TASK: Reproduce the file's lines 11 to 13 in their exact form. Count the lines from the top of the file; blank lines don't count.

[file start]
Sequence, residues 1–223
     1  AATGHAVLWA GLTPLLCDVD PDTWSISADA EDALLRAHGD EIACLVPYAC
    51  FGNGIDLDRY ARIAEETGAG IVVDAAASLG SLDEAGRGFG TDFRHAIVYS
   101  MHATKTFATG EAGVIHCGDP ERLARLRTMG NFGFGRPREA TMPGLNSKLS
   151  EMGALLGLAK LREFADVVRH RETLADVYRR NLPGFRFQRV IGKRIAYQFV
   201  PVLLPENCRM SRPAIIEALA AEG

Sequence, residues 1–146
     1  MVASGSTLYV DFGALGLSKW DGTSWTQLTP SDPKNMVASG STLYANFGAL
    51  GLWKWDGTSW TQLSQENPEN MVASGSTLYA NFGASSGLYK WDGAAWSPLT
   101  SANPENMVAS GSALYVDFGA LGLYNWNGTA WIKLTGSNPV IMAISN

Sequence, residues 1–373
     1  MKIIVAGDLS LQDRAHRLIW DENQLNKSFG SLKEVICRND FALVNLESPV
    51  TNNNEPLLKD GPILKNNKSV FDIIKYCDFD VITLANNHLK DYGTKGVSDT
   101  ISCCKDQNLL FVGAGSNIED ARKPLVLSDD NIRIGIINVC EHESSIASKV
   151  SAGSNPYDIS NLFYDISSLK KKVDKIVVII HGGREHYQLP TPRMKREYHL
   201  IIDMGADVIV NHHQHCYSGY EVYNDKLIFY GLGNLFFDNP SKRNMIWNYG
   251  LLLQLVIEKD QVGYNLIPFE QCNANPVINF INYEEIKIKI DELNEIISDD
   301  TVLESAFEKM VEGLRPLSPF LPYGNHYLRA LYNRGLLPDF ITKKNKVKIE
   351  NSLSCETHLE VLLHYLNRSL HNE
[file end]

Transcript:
Sequence, residues 1–373
     1  MKIIVAGDLS LQDRAHRLIW DENQLNKSFG SLKEVICRND FALVNLESPV
    51  TNNNEPLLKD GPILKNNKSV FDIIKYCDFD VITLANNHLK DYGTKGVSDT